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Watch Out. I'm Armed!!

Published In The Kiss of Death, November/December 2002, Volume 8 Issue


I hate coffee.  I really do.   This isn’t to say that I’m not prone to certain forms of Colombian Caffeine, it’s just coffee I don’t like.  But Caramel latte’s ... that’s another story.  You see, I hate coffee, but Starbucks®’s caramel latte’s are my addiction.  Logical?  Not exactly.  But that’s just par for the course.  I head to Starbucks® on a regular basis, limiting myself to two a week.  Or maybe three.

Because of this addiction to caffeine, there is one thing about my life that is always certain.  Ninety percent of the time, when I am out and about, driving around, picking up kids or heading to the store I am either: a) carrying a Venti Caramel Latte; or b) carrying my big, green ceramic mug which contains the Earl Grey Tea that I drink every morning at home.

A bad habit of mine?  I prefer to think I’m just well armed as I walk from my car to where ever it is I am heading?

Melissa vanPolanen, my local caffeine dealer, tells me that when she hands me my latte, the contents of that cup is 160 degrees.

Reminiscent of the days of old when the castle defenders would pour their boiling oil down on the attackers, a steaming cup of coffee in the face of anyone who wanted to make trouble might make them think twice before continuing.

And the ceramic mug?  Beats brass knuckles.  That mug, swung around and impacting on the side of a person’s head, will do enough damage to deter most anyone.  The cup is going to break.  And when it does, it’s going to be in great big sharp shards right there against that person’s face, maybe even near his eyes. 

How interesting do I now look as a potential weak and sniveling victim?

We need to keep ourselves safe.  As intrigue and mystery writers we need to keep our heroines safe so that they can make it to the end of the book.

The debates rage about whether people should have guns in the house.  Whether pepper spray or mace really work.  Kids, as well as adults, take martial arts and self defense classes.  Girls are working out beside the boys, leaning how to protect themselves and this is a good thing.  What my nine year old is learning in her Kung Fu class today, may help her when she’s a freshman at college and that cute guy from math class gets out of hand.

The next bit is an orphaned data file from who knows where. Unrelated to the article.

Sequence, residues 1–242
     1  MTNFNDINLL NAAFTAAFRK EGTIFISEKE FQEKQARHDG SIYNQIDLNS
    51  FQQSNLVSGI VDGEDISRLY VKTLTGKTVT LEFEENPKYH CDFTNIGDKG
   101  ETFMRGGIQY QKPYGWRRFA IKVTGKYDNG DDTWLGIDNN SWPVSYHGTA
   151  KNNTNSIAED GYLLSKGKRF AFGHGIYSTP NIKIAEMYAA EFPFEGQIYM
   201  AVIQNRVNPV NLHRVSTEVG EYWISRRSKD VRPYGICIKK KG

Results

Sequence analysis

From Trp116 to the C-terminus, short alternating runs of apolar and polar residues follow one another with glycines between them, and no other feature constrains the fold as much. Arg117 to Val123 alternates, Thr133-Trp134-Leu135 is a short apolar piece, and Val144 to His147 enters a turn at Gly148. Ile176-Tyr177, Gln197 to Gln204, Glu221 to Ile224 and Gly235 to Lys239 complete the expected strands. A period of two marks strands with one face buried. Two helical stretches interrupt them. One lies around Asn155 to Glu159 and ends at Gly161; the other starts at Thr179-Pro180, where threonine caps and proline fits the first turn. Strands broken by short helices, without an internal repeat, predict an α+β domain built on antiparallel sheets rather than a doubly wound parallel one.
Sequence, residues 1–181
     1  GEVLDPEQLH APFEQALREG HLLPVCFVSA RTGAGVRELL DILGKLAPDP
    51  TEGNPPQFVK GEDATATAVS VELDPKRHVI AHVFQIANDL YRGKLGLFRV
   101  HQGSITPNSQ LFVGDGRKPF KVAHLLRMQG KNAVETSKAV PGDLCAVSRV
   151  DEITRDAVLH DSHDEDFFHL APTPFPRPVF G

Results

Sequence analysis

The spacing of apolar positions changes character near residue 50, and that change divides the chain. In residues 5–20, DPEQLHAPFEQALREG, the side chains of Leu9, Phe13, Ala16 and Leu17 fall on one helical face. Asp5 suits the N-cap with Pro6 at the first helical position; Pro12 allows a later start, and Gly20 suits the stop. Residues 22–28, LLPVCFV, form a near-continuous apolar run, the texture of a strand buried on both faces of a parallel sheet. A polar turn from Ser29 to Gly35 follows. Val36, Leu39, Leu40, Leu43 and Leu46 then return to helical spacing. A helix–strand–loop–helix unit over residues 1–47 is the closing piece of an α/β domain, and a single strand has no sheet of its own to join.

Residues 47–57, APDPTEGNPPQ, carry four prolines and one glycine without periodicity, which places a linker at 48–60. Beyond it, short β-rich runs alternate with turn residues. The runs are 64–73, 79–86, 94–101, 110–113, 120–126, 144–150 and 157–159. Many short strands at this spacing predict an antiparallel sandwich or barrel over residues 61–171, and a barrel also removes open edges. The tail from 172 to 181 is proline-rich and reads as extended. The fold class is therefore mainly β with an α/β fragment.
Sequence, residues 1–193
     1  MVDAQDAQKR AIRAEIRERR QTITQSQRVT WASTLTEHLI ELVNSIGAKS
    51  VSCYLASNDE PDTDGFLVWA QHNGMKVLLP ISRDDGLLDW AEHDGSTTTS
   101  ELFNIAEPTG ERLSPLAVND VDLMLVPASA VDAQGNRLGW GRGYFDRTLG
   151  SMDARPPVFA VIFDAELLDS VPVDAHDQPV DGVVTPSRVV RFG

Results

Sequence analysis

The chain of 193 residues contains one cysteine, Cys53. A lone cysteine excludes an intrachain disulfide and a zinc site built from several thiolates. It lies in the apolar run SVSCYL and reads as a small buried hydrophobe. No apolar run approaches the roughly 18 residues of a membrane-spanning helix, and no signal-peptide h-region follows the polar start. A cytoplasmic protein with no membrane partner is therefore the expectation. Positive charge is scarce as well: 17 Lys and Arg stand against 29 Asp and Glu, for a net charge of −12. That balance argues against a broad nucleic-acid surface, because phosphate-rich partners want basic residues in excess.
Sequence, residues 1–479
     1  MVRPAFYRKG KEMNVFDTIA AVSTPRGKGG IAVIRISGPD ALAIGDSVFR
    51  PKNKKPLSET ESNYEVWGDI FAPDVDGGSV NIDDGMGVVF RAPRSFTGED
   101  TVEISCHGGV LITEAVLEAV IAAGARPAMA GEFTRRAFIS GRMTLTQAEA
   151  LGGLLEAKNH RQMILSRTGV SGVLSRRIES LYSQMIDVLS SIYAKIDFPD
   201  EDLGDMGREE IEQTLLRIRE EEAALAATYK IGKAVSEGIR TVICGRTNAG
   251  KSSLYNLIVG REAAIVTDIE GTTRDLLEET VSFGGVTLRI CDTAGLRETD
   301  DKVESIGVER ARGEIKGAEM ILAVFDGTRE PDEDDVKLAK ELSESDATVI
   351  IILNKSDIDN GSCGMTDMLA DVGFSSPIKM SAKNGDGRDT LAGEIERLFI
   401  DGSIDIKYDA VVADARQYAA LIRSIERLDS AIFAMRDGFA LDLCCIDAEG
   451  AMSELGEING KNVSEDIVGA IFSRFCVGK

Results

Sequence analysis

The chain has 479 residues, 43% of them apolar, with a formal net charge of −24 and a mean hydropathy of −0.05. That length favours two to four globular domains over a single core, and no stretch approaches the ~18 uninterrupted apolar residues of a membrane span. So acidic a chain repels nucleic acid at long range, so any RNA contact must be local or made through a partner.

Personal weapons abound.  But not the way some might think. Every home I can think of is well armed, even though most of the residents don’t know it.

The lamp beside the bed.  Those beautiful wrought-iron scrolls on the bottom would leave an interesting pattern on the side of someone’s head should he think to wake me up in the middle of the night.

I started studying self defense in 1994.  First with down and dirty street defense and later, in 1998 in Tae Kwon Do and Kung Fu.  Over the years I have learned that 9.99 times out of 10 an assailant is going to need two hands.  At some point during an attack, he will have to put down whatever weapon he is holding to proceed to his next step. 

If I can keep my head, if our heroines can think clearly, if we can control the fear and use the adrenaline which is pumping through our veins, I can wait for that window of opportunity and strike.

The lamp.

A bottle of perfume.

PAM®.  Windex.

If it can spray, it can hit a target.  The worse it smells, the more damage it can do.  Imagine Easy Off® Oven Cleaner in the eyes.

Austin Powers, in the movie INTERNATIONAL MAN OF MYSTERY used a roll of dental floss and a tube of toothpaste to escape Dr. Evil Villainess’ Mutant Sea Bass Death Device.

Far fetched?   Well probably the dental floss?  But toothpaste smeared into the bad guy’s eyes–- mint flavored, spearmint flavored, whitening or tartar control–- that’s a real weapon.

Keep a chair between you.  A couch.  Curtains pulled down off the wall to tangle over someone’s head.  This can give you, or your heroine, the spilt second they might need to make it to the door.

And if they can’t make it?

There was a story circulating years ago about the woman who, while in the shower found a man in her bathroom.  During their struggle she grabbed him by the ... let’s say “assets”, squeezing hard, twisting until he was unable to continue.  She never released her grip.  Never.  She lead him through the house and out the front door where she got help ... and a lot of attention.  They were both still naked.

“If he started to resist,” she supposedly said, “I figured I wasn’t squeezing hard enough and fixed that real quick.”   

In any given situation, the heroine of our story can find something to help her out. 

On a boat: a spear, an oar, even the anchor if it’s not too big.  In a barn: a pitch fork, a spur, a bridle swung with the bit hitting first.  A gym: a dumb bell, a sleeve for weights?

A brick, a rock.  If you or your heroine can pick it up, if they can swing it without breaking their back, then they are already ten paces ahead of where they were then they looked up and saw the evil bad guy staring them down.

Sometimes the hero will get there in time to save the day.  Sometimes the heroine’s going to have to look that villain in the eye and take care of the situation herself.  Either way works for me.  As long as I know what to do and the heroine knows what to do and we both know we could have taken care of the problem ourselves.  We’ll just let the hero think he was ... well ... heroic!!

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